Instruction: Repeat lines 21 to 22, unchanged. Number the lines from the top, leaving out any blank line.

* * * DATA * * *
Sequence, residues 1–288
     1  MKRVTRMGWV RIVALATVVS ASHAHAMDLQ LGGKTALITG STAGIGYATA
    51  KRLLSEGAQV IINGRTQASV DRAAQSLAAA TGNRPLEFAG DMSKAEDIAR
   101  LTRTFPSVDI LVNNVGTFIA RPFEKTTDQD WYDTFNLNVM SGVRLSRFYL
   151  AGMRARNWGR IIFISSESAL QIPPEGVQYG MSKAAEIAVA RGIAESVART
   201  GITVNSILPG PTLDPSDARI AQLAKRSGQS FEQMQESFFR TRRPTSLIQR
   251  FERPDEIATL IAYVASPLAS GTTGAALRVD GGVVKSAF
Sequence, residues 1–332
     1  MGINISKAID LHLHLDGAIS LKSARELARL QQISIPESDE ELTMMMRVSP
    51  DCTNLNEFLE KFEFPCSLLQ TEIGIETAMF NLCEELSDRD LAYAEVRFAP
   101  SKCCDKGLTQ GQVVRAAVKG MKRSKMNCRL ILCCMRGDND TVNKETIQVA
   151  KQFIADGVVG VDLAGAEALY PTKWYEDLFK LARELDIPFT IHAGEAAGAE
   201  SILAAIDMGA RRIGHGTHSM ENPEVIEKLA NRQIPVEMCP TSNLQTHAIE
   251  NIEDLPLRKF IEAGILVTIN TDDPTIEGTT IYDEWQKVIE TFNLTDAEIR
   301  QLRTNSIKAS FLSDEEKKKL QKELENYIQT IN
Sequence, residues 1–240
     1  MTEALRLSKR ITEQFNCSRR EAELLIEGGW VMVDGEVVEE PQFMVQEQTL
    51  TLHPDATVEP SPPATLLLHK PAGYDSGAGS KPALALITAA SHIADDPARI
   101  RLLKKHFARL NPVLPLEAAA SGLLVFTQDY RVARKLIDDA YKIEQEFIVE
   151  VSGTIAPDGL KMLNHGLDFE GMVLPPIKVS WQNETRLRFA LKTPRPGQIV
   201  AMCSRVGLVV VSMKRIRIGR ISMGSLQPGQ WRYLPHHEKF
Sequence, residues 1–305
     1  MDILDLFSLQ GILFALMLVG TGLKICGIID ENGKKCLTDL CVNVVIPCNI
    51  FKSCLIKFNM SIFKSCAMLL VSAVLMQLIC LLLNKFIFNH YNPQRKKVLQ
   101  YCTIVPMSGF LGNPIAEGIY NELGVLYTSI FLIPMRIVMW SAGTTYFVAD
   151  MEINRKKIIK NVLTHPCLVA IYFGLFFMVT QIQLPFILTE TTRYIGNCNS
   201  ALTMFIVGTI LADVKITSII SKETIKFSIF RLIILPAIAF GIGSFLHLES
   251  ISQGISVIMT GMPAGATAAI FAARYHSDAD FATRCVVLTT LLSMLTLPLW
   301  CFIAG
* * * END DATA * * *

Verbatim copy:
   201  AMCSRVGLVV VSMKRIRIGR ISMGSLQPGQ WRYLPHHEKF
Sequence, residues 1–305